What a fun, exhausting day. I have never been to Arezzo. Stepping off the train, I like to remember my favorite Cavafy quote from the poem, “Ithaca.” “May you always enter ports seen for the first time with such pleasure, with such joy.”
Arezzo is in eastern Tuscany. It’s about 87,000 people but was heavily damaged in bombing raids during World War II. Still, it has a charming old town and the famous fresco cycle: Legend of the True Cross by Piero della Francesca. He was one of the earlier Renaissance painters who made great strides in naturalism and perspective. Before viewing the fescoes at our appointed time, we walked around and up to Piazza Grande, which is at the top of the hill and sloped. We finally got our picture taken together, so it will no longer look as if we’re taking turns traveling in Italy.
We sat and had cappuccini at Caffe dei Costanti in Piazza Della San Francesco right in front of the cathedral. There was cabal of older gentlemen sitting near us, chatting and reading giornali. In fact, the town is populated mostly by older men sitting in small groups and chatting leisurely among each other and high school students touring in groups. Luckily, we ended up with a high school group as we viewed the frescoes, and I was able to understand the different points the guide was making about the details of the fresco in Italian!
Here is my favorite fresco panel, The Queen of Sheba Meeting with Solomon. I love the woman in the green dress and the way her hand is behind her back, the groundbreaking perspective.
I also love this one of the Annunciation. Gabriel is holding a palm instead of the usual lily.
And also the marvelous hats and dress of Piero’s contemporaries.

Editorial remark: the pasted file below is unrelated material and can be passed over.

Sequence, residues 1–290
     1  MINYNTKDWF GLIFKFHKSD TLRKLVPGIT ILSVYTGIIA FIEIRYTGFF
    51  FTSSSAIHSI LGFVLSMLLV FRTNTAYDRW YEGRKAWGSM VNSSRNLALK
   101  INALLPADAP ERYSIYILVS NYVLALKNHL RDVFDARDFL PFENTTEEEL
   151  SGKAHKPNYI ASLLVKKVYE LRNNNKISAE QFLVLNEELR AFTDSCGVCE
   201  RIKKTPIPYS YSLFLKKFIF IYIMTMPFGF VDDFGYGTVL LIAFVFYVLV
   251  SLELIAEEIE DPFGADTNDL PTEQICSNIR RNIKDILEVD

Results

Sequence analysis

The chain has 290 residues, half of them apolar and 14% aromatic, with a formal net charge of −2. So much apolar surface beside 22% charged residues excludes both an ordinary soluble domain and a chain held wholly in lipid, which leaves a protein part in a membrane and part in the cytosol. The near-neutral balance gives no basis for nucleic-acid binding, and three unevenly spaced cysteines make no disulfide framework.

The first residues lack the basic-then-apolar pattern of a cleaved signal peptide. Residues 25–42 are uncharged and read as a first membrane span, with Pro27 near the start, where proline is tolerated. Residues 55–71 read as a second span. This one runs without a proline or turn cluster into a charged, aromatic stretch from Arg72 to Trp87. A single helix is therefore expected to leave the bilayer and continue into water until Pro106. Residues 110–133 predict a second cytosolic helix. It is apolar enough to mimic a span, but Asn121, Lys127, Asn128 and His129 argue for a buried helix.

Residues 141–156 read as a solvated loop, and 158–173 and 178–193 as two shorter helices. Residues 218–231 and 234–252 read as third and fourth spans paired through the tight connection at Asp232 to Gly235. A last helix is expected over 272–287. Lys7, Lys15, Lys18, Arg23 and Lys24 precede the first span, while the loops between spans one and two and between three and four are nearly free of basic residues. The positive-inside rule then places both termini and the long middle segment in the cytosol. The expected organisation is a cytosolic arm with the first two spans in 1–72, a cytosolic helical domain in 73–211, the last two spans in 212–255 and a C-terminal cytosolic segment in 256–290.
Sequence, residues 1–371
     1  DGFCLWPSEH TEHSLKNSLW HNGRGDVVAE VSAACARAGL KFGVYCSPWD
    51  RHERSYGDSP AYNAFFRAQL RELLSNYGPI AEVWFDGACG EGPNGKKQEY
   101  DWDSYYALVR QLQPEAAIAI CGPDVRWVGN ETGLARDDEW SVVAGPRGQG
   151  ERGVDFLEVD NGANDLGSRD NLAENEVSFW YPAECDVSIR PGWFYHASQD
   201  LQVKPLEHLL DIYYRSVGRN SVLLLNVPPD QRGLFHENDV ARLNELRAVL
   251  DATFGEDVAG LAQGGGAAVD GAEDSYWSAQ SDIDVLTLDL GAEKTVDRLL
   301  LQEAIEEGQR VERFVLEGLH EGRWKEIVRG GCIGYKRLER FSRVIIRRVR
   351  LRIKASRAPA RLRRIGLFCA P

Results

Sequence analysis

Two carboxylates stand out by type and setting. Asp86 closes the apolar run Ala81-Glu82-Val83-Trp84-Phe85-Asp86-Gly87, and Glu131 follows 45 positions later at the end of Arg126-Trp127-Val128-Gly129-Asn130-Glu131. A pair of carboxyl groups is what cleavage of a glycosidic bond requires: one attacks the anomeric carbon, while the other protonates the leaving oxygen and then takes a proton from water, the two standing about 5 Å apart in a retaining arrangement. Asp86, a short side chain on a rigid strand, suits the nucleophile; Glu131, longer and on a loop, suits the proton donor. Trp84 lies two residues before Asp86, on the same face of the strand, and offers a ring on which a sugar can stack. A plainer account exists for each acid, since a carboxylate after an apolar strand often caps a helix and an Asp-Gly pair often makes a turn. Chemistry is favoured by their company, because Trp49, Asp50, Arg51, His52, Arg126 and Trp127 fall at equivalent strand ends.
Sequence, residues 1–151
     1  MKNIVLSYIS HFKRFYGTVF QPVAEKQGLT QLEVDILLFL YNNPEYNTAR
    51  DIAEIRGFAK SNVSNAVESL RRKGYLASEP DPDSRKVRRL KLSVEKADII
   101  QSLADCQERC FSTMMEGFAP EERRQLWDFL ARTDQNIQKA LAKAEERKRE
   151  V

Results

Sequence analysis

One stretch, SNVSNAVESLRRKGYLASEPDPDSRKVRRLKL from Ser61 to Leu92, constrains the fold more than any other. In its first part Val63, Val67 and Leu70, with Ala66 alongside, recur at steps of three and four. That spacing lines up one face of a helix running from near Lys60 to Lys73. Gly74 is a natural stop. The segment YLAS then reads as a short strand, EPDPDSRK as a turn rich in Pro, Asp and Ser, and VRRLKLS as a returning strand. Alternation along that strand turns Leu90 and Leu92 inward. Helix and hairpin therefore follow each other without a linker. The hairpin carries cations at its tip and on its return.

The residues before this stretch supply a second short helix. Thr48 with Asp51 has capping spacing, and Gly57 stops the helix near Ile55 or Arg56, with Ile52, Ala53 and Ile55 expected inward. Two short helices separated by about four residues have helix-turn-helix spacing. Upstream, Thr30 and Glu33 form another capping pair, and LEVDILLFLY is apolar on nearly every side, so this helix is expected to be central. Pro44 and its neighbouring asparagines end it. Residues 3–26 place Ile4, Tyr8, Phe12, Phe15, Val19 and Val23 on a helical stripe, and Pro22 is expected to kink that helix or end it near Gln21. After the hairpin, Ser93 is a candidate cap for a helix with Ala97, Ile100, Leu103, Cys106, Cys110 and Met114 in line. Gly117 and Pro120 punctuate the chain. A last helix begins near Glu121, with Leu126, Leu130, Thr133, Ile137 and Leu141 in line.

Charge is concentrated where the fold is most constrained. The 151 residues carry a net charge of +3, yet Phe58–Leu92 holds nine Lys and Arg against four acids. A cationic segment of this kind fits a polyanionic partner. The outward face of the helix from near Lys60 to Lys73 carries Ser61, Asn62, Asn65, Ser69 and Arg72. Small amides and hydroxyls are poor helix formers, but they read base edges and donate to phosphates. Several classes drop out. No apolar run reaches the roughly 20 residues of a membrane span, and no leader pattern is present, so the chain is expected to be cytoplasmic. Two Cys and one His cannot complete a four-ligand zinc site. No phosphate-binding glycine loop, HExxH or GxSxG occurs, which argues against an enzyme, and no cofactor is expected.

We ate lunch at Trattoria Il Saraceno that Aldo recommended. The walls were lined with old photographs of the Giostra. Similar to Siena, this medieval town is divided into four quartiere (more in Siena, and they are called contrade). Twice a year, once in June and once in September, the four neighborhoods compete in a jousting match in Piazza Grande. They take turns jousting at a metallic doll that pivots and is nicknamed Saraceno after the Arab soldiers in the Crusades. I tried to take a photo of this, but my flash bounced back. Still, you can see the Saraceno with his arm outstretched in the foreground and the jouster, if you look carefully.
Arezzo is only an hour’s train ride from Florence, so we wandered around the streets and then rode home. We walked home over our second favorite bridget, the Santa Trinita Bridge, and young people were sitting out on the stone parts that jut over the Arno. Right where they’ve jumped the wall, a plaque states clearing in Italian and English that they are forbidden to do this. We saw the same thing when we were here in 2010, but the young people then were laughing and passing around bottles of wine!
Tonight we are eating in. I’m making my famous fried zucchini flowers and pici with pesto again. Ciao.
Oh, I heard from Tim, the letters editor of the Wall Street Journal, and I have a letter coming out tomorrow/Saturday.